WordPress is ever-evolving and we at WP Engine strive to provide a platform that’s secure. We want the experience of updating WordPress, which is a necessity for a successful WordPress site, to be as easy and trouble free as possible. Because of this, we’ve outlined how we’re able to serve you in order to minimize any potential downtime for your site when updating WordPress.
In this article:
- We will describe the two different types of updates that WordPress releases
- How our Automatic Update Protection works
- Updating WordPress before our automatic updates
WordPress releases two different types of updates; Functional Updates and Security Updates.
This type of update adds features and options to the WordPress core. These are the major core updates (“Parker”, “Smith”, “Benny”). They are first offered as a beta and then the release version is made available. When the new release is announced, we publish the announcement on our blog, outlining the new features and provide an estimation on when we will begin contacting administrators with their update date.
We don’t update during the beta or immediately when the update is released. Instead, our engineering team tests the new release and its features against our system to see how they act and react to our platform. We will also take note of any known issues you can expect after an update and have actionable solutions, should you be affected.
Once we have analyzed the update and made the needed adjustments to our platform, we will announce the date that the first wave of updates will begin. If you would like to have the install updated immediately, please submit a ticket through your User Portal with your request and we will perform the update early. Otherwise, site administrators will be emailed 7 days and then 4 hours before the update occurs.
Garage Tip: If you have received your update notice and need time to do testing and make adjustments of your own, please submit a ticket to request that the update be deferred. Deferrals are approved on a case by case basis.
This type of update contains security or minor fixes that are pushed out to repair a vulnerability or bug in the WordPress core. We immediately investigate that the change doesn’t adversely affect our platform then push it out to our customer’s installs. We have found that the vast majority of installs that are adversely affected by security updates are ones that are using the vulnerability that is being closed. Because of this, we cannot defer security updates as this would keep your site and our platform vulnerable.
WP Engine Automatic Update Protection
In October 2013, we introduced Automatic Update Protection, providing an additional layer of management that allows us to streamline the updating, testing and validation of your install.
First the automation loads the site and tests to make sure that the site is working correctly before the update. If it is, then we create a backup point then perform the update. Once it’s complete, the automation reloads the site and tests are performed to ensure that everything in WordPress core is working normally.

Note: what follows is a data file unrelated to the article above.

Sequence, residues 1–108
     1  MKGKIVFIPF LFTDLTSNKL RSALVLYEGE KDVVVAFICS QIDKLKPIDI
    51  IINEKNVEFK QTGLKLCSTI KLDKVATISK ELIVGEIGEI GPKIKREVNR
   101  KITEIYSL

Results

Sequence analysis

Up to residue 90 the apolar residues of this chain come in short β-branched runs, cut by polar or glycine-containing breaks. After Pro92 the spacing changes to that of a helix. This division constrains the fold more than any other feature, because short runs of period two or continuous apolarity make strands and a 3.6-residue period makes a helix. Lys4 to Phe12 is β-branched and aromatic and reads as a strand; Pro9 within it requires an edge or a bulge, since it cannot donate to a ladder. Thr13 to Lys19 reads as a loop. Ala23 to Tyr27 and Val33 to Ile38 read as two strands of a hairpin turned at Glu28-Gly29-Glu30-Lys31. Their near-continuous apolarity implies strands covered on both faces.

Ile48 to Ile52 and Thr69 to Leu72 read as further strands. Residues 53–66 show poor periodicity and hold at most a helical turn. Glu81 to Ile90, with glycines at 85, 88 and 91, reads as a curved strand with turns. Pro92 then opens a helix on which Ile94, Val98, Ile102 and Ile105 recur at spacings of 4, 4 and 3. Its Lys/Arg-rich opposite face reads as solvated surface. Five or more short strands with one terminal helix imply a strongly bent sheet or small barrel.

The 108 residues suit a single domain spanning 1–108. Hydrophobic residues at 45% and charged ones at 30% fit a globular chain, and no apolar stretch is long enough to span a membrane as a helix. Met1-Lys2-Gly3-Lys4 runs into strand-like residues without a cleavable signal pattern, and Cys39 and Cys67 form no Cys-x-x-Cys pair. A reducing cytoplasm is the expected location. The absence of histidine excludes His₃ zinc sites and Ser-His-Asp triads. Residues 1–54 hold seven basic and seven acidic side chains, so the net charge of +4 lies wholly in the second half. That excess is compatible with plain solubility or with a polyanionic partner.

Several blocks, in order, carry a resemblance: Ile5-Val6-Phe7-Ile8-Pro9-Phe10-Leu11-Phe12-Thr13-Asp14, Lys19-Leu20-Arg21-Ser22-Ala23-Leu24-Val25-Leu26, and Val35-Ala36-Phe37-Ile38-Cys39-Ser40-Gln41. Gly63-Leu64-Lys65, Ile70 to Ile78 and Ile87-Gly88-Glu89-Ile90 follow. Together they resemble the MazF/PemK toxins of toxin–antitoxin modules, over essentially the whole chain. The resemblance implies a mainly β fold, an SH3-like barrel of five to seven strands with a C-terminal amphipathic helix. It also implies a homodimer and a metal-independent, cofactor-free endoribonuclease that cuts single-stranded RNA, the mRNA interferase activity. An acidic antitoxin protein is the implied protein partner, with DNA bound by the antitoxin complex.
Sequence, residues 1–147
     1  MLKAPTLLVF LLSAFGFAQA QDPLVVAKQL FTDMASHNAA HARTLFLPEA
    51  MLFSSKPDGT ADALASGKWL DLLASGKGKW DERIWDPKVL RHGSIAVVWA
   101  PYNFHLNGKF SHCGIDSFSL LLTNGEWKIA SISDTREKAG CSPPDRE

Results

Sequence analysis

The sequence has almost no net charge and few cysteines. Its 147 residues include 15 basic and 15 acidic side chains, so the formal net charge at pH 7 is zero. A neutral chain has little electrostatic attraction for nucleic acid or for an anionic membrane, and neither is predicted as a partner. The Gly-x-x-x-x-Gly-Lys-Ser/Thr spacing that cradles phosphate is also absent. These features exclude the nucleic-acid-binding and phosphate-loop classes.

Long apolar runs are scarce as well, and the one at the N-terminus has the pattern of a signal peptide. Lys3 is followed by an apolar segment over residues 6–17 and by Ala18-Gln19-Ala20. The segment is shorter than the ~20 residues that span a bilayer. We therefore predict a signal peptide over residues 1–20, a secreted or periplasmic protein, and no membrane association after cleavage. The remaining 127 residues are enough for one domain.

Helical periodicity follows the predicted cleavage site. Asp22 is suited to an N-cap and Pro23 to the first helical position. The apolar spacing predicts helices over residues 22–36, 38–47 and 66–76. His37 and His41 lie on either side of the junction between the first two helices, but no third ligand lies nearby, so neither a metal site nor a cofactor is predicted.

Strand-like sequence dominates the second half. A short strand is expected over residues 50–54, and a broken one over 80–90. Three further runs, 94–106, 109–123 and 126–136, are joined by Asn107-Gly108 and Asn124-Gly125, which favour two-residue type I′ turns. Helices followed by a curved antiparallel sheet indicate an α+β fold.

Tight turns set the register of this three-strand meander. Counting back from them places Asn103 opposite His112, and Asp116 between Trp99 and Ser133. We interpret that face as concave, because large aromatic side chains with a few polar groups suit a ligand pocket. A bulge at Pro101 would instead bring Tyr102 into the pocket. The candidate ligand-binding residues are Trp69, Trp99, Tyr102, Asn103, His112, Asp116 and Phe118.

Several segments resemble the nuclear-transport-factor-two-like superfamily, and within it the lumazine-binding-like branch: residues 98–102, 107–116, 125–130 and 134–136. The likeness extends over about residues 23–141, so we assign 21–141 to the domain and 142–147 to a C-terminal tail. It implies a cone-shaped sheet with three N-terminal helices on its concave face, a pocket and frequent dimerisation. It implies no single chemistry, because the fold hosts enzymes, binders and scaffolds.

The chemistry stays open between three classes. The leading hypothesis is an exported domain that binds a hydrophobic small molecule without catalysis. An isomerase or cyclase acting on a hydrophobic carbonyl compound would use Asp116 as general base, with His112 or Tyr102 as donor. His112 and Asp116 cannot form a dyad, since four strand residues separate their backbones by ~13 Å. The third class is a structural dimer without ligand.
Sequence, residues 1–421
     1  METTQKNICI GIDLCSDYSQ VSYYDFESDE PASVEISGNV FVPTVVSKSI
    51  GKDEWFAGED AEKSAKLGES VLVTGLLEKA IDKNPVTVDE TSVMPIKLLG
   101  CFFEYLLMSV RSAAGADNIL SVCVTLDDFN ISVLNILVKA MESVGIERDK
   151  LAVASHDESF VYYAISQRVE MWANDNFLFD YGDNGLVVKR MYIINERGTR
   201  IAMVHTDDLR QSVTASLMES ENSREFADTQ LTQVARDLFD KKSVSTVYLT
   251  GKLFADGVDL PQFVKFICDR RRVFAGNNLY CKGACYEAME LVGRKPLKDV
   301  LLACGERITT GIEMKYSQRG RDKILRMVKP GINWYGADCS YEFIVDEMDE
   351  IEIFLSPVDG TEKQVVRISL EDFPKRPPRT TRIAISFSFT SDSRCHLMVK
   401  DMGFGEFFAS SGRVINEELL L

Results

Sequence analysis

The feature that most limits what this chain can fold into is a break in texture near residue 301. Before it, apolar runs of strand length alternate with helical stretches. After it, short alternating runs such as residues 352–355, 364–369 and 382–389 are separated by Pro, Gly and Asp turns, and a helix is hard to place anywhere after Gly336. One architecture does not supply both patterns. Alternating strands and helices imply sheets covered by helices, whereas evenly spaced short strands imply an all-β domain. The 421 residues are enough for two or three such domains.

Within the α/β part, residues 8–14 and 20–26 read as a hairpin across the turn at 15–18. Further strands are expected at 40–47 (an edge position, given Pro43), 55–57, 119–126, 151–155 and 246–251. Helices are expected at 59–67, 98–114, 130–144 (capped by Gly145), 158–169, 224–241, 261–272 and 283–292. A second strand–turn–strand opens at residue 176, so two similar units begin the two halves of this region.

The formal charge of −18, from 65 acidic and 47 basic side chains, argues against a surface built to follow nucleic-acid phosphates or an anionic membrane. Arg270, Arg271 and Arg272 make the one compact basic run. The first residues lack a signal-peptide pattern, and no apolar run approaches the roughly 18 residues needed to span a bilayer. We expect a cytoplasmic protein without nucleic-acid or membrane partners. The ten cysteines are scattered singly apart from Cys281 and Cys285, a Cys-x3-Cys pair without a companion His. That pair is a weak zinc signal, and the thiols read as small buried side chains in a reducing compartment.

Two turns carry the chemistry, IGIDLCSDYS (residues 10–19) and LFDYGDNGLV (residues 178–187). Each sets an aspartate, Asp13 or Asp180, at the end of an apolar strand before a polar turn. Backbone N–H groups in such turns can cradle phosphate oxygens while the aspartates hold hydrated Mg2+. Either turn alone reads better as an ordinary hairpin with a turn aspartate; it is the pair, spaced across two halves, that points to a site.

If we find that the install is not working correctly after the update, we immediately revert your site to the previous WordPress version and make sure that it’s in working order, the way it was before the update. Then the automation sends an email to you detailing some next steps you can take to troubleshoot the issue.
Garage Tip: While the WordPress update may work with our platform as designed, there may be feature changes that are no longer compatible your site’s plugins, themes, or custom code. If that is the case, we will revert your site and recommend that you consult with your developer(s) to resolve the issue.
Update Before Scheduled WordPress Update
There are some administrators that would like to update as soon as they are available from the WP Foundation. If you’re wanting to perform the update before our scheduled updates than please follow the below steps:
1. Determine Theme/Plugin Phase: When an update is released the theme/plugin(s) you have installed are in one of following phases based solely on work from its developer:
- Fully compatible: They have made any needed changes and their product works well with the update.
- Not compatible, but there is a workaround: Their product is not fully compatible yet, but they have a solution that will work until they do.
- Not compatible, working on update: Their product is not fully compatible but they’re working on an update that will.
- Will not be compatible: Their product is being discontinued or support has ended for that particular product.
Garage Tip: You may need to contact the developer of your theme/plugin(s) to determine which phase they are in - as WP Engine is not able to make conclusions based on third party plugins.
2. Test In Staging: Once you know the phase they are in and are ready to move forward, the next step is to test the new update in our staging environment (instructions on creating a staging site can be found here). You may have to consult with the developer again if you have custom code or special allowances that was available through legacy versions, but not with the new update.
3. Contact WP Engine to Update: Once you have finished the testing and are ready to move forward, submit a ticket to us and we will update your production site for you. Updating through our system means that our Update Protection mentioned above is still available to you even if it’s before the scheduled date, providing an extra layer of safety.